Hairless Whisper

1/12/17

Dear Elly G,

The difference between a Brazilian done in Toronto and a Brazilian done in Dumaguete spans leagues.

The former takes approximately ten minutes. It’s quick, clinical, precise and expensive, barely even giving me any time to register the loss of body hair.

The latter starts with the aesthetician handing me a bathrobe, a towel and a small bar of soap. (“Ma’am, wash first?”) You know you’re in the Philippines when you need a clean vagina before the waxer even deals with you. That’s how we are. We brush our teeth before seeing the dentist. We wash our vajayjays before getting a wax. My usual suki  admitted to seeing her share of tampon strings. She would never think of asking her clients to wash themselves. I can only imagine the judgment meted out by a Filipina waxer if someone dared to come in for a wax while on her period.

She had me staring at the ceiling for the better part of an hour wondering what my labia must look like to someone who had a spotlight pointed at my crotch and was aggressively parting it every which way, hunting down stray pubes with a tweezer. (“Ma’am, pwede i-puller?”) No one has ever paid that much attention to my nether regions. Not A. Not my gynecologist. Not even I.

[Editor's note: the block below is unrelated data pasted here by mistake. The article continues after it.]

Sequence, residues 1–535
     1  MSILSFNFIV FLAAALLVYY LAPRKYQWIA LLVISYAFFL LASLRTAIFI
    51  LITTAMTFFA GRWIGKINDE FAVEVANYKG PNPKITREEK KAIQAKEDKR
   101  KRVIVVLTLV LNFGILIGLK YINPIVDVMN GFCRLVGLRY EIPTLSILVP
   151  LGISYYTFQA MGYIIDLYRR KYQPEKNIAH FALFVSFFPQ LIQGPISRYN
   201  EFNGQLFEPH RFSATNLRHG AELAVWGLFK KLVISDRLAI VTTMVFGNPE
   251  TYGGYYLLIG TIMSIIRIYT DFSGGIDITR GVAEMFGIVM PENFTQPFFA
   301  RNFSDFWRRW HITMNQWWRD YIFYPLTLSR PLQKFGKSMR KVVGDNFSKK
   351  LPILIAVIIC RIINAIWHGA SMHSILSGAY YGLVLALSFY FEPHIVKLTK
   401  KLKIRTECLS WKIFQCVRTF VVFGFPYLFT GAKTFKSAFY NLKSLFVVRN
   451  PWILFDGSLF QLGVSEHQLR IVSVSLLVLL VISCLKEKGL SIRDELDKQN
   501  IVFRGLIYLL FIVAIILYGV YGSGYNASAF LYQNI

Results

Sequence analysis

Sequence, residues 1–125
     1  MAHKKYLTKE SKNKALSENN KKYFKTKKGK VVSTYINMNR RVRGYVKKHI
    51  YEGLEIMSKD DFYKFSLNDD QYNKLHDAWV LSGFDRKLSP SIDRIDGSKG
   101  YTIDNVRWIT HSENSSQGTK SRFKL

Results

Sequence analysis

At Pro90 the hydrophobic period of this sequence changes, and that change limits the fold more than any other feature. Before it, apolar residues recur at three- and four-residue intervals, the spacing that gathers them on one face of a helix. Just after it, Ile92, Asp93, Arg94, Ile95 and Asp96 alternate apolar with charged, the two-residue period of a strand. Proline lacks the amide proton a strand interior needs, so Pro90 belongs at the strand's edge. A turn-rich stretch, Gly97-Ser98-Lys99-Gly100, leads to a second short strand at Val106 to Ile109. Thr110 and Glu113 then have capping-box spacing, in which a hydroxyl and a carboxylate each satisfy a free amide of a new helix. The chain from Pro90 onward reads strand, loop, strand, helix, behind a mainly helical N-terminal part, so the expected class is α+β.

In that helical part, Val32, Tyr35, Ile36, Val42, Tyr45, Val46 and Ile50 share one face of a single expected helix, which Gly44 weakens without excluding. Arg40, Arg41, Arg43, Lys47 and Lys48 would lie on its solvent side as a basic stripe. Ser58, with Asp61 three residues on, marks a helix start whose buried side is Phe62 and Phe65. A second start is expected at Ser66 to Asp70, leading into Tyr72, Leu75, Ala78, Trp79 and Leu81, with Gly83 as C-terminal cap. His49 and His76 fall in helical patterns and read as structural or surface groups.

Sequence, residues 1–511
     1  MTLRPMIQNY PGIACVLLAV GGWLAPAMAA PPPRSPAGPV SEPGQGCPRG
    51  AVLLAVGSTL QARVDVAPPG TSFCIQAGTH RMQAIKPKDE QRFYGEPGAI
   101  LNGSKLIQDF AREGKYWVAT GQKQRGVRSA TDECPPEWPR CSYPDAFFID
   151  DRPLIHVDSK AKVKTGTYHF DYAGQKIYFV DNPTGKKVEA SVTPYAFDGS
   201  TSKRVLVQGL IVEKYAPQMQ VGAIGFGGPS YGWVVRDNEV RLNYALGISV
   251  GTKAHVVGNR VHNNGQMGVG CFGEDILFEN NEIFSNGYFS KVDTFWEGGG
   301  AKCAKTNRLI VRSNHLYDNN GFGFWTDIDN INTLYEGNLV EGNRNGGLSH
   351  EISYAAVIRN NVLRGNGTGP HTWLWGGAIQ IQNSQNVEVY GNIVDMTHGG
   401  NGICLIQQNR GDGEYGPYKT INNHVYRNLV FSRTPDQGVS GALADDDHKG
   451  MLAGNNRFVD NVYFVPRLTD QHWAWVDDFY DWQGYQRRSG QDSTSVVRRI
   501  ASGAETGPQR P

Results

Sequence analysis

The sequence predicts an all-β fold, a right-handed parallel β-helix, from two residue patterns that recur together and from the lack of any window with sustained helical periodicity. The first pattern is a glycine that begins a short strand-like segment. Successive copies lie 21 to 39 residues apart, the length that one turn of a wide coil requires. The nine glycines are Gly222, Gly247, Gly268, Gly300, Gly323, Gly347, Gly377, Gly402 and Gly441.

Also, so much aggressive rubbing! Each time she spread a bit of wax and applied the strip, she would apply pressure and rub like there was no tomorrow, ensuring the wax stuck to the strip so she could remove as much hair as was humanely possible. I wasn’t quite sure if I was supposed to orgasm. I wanted to ask her if anyone ever had, but concentrated on biting back my laughter and holding in a fart instead.

The best part was when I had to part my buttcheeks. Never underestimate the weirdness of parting your own buttcheeks while a total stranger plucks it clean of hair because there are some parts that wax can’t reach. I’m assuming there are some parts that wax can’t reach, anyway. All for the low price of PhP 550! Sulit na sulit.

 

Yours in hairlessness,
Nikka

 

PS: Traffic here is awful.